At the Gardens Point campus of the Queensland University of Technology, there is a room hidden atop an old, brick building, where scientists meet and conduct research unlike anywhere in the world. Their goal: to sure up the fate of one of the world’s largest crops – bananas.
Professor James Dale AC is an agricultural scientist and distinguished professor in the Faculty of Science School of Biology & Environmental Science at QUT. He doesn’t teach, but for the past 10 years, he has led a team of world-leading scientific researchers. Their field of research – genetically modified banana crops – is gaining global importance in the wake of a potentially devastating banana pandemic threatening crops worldwide.
Dale cuts a slight frame against his imposing, almost primeval office in one of the University’s oldest buildings. His desktop, however, is lined with keyboards and computer screens, facing the desk of Joanne Simpkins, the QUT Bananas project manager with whom Dale shares his office.
‘This building is really flash,’ Dale says, perhaps recognising the irony of a cutting-edge research facility in an old brick building.
But Dale’s research is anything but gimmicky.
‘Bananas are one of the world’s top ten food crops,’ Dale says. ‘Wheat, maize, rice, potato, Kasava, then bananas, soybeans, sweet potato, sorghum. Depends how you count sugar cane I suppose.’
Originating in South East Asia and New Guinea, the banana crop is a staple food across Asia and Africa. The crop’s high starch content and ease of tropical cultivation makes it a key foodstuff for some of the world’s most impoverished regions, providing accessible, reliable, and healthy food.
‘In Uganda, they cook raw bananas while they’re hard,’ Dale says. ‘The bananas are steamed for three-to-four hours, then mashed. The dish, “Matooke,” is a staple of Uganda, and across East Africa, bananas are a massive crop in the region.’
When it comes to bananas, Dale knows what he’s talking about, and after 30 years of working on the crop, the professor has become concerned.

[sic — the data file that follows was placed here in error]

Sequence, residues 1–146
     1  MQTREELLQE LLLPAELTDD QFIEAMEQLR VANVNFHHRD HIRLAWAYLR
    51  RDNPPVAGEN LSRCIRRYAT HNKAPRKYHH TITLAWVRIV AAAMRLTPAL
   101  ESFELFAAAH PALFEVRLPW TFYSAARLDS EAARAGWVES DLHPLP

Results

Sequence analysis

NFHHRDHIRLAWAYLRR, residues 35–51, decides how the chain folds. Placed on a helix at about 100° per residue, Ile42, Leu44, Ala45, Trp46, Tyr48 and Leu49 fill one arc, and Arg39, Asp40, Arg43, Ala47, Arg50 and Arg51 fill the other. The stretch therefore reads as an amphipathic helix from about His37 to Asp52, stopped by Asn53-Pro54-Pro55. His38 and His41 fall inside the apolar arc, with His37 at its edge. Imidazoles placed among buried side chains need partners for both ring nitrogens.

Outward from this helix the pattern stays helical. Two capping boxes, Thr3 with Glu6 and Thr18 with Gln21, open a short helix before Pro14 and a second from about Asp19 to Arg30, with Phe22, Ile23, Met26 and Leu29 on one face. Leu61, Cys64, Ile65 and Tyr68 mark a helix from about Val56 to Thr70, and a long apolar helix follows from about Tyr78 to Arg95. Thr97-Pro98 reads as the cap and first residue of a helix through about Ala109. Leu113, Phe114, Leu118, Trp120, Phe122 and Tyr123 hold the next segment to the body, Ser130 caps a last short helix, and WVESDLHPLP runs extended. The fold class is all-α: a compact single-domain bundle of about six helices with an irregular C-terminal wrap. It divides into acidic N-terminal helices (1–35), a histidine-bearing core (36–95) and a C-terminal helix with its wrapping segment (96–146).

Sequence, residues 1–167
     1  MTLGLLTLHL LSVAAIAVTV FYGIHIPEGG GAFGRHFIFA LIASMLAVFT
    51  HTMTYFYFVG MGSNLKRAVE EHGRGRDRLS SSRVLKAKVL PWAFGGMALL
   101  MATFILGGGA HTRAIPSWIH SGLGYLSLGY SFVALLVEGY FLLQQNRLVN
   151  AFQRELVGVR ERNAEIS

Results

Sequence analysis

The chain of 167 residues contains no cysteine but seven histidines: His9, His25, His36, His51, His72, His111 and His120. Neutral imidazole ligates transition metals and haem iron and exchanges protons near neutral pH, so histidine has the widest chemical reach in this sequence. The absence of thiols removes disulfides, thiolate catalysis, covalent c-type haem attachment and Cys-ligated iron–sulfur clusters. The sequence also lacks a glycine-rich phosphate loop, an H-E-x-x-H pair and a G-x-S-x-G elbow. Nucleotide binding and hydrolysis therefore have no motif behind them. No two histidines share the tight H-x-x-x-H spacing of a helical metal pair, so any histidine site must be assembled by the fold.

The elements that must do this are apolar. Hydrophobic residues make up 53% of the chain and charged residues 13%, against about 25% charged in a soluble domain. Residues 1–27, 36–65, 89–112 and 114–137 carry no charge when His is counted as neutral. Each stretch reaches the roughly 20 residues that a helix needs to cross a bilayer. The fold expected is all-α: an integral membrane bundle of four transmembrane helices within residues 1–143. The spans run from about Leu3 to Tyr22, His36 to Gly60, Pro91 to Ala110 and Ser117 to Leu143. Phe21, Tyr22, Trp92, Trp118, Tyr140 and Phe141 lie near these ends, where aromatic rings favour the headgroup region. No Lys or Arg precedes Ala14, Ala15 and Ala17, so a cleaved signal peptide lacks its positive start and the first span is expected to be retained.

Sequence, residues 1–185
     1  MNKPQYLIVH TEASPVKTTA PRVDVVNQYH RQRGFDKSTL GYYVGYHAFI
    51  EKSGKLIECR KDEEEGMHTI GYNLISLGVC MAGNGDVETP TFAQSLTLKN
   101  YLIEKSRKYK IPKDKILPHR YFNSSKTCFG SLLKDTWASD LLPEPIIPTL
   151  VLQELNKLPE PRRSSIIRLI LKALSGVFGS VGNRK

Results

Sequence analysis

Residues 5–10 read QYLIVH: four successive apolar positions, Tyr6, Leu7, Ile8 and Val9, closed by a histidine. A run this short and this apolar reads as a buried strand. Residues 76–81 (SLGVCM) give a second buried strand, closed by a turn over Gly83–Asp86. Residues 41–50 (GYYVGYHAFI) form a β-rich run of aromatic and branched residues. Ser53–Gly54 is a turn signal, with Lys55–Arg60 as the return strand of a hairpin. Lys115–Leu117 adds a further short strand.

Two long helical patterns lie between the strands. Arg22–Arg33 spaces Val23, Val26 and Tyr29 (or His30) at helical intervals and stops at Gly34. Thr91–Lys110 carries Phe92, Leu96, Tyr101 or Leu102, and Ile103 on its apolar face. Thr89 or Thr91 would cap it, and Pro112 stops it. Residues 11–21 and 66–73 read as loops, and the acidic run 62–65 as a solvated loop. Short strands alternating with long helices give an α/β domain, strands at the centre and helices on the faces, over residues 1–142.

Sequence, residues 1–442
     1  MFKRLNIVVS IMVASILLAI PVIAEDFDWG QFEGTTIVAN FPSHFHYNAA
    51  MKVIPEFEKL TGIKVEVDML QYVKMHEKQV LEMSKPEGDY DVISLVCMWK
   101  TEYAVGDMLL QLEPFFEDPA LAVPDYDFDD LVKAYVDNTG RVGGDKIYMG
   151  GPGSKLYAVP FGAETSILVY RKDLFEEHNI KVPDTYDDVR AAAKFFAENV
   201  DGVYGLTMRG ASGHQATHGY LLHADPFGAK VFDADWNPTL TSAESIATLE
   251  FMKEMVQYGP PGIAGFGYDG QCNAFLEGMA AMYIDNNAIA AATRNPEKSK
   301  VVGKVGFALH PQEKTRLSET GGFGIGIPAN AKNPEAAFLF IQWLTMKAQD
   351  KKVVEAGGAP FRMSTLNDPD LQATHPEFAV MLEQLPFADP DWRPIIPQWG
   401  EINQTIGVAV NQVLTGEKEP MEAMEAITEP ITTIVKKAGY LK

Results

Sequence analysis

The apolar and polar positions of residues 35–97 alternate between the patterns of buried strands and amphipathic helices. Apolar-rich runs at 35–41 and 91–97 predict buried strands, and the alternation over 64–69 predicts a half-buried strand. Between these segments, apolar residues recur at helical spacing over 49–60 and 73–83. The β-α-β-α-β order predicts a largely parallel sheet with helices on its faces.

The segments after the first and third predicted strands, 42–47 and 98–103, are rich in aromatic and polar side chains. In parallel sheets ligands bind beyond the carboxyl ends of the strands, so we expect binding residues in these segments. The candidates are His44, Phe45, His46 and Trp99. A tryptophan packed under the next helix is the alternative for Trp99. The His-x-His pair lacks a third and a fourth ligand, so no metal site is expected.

Dale and his team have for the past decade focused their research on the emergence of a fungus called Tropical Race 4, and the development of genetically modified bananas able to resist the fungus. In a post-pandemic world, we think of deadly diseases as spreading rapidly through regions and communities, so the slow-moving fungus has at least left time on Dale’s side. But in agriculture, a little fungus is a big deal.
‘Once it gets in the soil, it’s impossible to remove,’ Dale says.
However, the severity of scale for a banana plague isn’t comparable to COVID-19. Instead, Dale invokes the Potato Blight, a fungus that gripped the northern hemisphere in the mid-1800s. Due to the regressive British Government export and land-use policies of the time, the Blight became concentrated on Ireland, where over a million people starved to death in a single year. According to Dale, this could be a microcosm of a world in a banana plague.
‘There is a very narrow genetic base of food crops that we eat,’ Dale explains. ‘Industrial agriculture is based around monocultures, wherein a single cultivar is closely replicated or cloned to maximise output. That’s why the Irish Blight eliminated a single potato crop across Ireland. No diversity is bad for immunity.’
And when it comes to farming, bananas are a problematically un-diverse crop.
‘There are about a thousand varieties,’ Dale says of banana species. ‘But globally, the Cavendish banana makes up about 50% of all variety.’
Cavendish bananas and their variants are the bananas you get from the store. Unlike their wild counterparts, these bananas don’t go to seed, which is great for consumers – less seed, more banana. But this means that when a new banana tree grows from the base of an old one – a process known as budding – the new tree is an exact genetic replica of the old one.